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XND and rubyplot - typed arrays and visualization in Ruby

XND and rubyplot - typed arrays and visualization in Ruby

Talk given at Red Data Tools Meetup, Tokyo on XND and rubyplot.

Sameer Deshmukh

November 17, 2018

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  1. XND and rubyplot - future of typed arrays and visualization

    in Ruby Sameer Deshmukh 2018-11-17 Sat
  2. Introduction Name: Sameer Deshmukh. From: Pune, India. Currently living in

    Tokyo, Japan. Master’s degree student at Tokyo Institute of Technology. Intern at Quansight Inc. Email: [email protected] Twitter: @v0dro GitHub: @v0dro
  3. Open source work Aiming to make Ruby a viable language

    for scientific computing. Contributor to Ruby Science Foundation since 3 years. Author of libraries like daru and rubex. Contributor to rubyplot, nmatrix, narray, iruby, statsample etc.
  4. Key Ideas Typed arrays in Ruby. Introduction. Problems with present

    approach. Plures - the future. Advanced visualization in Ruby. Present solutions. Rubyplot - the most advanced Ruby plotting tool.
  5. Simple Array vs. Typed Array A normal Ruby Array stores

    data as Ruby objects. For example: 1 a = [1,2,3,4] Each number is internally a Ruby VALUE object. However, a typed array stores values as a sequence of bytes.
  6. Advantages of typed arrays Ability to choose the data type.

    Choices from single bit to 128 bit complex numbers. Contiguous storage and constant buffer size. Optimized math operations. Possibility of SIMD optimizations. Use of accelerators (like GPUs). Interoperability with third party services.
  7. Current scenario in Ruby Community split between numo/narray and sciruby/nmatrix.

    Two typed array libraries with very similar functionality. NMatrix matmul 1 require ’nmatrix’ require ’nmatrix/lapacke’ 3 a = NMatrix.rand([100, 100], dtype: :float64) 5 b = NMatrix.rand([100, 100], dtype: :float64) c = a.dot b NArray matmul require ’numo/narray’ 2 require ’numo/linalg’ 4 a = Numo::DFloat.new(100,100).rand(0,1) b = Numo::DFloat.new(100,100).rand(0,1) 6 c = Numo::Linalg.dot a, b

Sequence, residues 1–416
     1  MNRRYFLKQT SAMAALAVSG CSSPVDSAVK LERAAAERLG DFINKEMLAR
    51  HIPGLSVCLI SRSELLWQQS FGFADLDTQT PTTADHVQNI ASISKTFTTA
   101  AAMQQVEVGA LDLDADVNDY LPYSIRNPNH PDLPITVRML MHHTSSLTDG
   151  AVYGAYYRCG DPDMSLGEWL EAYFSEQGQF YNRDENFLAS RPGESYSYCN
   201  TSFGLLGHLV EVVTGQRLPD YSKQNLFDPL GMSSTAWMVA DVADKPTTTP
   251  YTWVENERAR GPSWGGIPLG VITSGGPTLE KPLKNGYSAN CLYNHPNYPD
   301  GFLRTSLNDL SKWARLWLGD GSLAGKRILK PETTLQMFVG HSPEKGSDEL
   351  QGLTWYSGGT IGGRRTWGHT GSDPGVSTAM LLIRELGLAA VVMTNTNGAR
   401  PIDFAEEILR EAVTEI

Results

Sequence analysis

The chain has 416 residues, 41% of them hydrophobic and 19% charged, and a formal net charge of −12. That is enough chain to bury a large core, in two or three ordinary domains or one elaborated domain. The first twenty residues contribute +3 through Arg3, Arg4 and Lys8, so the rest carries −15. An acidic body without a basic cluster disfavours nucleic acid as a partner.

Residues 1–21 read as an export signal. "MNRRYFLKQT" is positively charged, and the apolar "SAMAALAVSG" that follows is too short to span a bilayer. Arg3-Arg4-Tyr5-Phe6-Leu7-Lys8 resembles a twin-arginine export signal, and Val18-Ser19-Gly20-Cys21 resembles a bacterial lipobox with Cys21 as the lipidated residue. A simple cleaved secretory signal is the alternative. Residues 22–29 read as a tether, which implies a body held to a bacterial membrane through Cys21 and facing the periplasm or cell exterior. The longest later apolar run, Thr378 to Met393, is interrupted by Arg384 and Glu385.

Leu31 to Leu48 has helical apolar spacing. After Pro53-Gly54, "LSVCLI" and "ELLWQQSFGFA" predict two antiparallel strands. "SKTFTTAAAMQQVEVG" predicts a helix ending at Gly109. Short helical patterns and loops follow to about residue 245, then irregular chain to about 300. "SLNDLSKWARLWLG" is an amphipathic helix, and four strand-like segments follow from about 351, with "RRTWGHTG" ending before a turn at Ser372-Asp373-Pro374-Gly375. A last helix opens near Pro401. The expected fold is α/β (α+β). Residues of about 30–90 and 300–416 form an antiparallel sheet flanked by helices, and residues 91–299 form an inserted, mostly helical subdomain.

8. Problems with current scenario Community effort split between NMatrix and

    NArray. Incompatible with each other. One needs features that the other one wants and vice versa. Not extensible. Cannot cater to modern needs of data processing and AI/ML. No dedicated team of paid maintainers.
  9. The Plures Project High performance, language independent libraries for typed

    arrays. Made keeping in mind current needs of flexibility and interoperability. Consists of three major libraries: NDTYPES XND GUMATH Sponsored by Quansight Inc., a company dedicated to promoting sustainable FOSS.
  10. Limitations of type specification in NMatrix/NArray NMatrix / NArray approach:

    types are Symbol or class. e.g - NMatrix.new([2,2], dtype: :int64) or NArray::DFloat.new(3,3). Limitations: Assumes that entire array if of the same type. Can only store contiguous arrays. Cannot create custom aggregate types or typedefs. No support for string encodings, hashes, tuples or ragged arrays.
  11. NDTypes: specify types as Strings Array of 10 64-bit integers.

    1 a = NDT.new "10 ∗ int64" Hash of strings and floats 1 a = NDT.new "{a: 10 ∗ string, b: 20 ∗ float32}" Define graph type using typedefs 1 NDT.typedef "node", "int32" NDT.typedef "cost", "int32" 3 NDT.typedef "graph", "var ∗ var ∗ (node, cost)" 5 t = NDT.new "var(offsets=[0,2]) ∗ var(offsets =[0,3,10]) ∗ (node, cost)"
  12. XND: data container for typed arrays XND provides containers for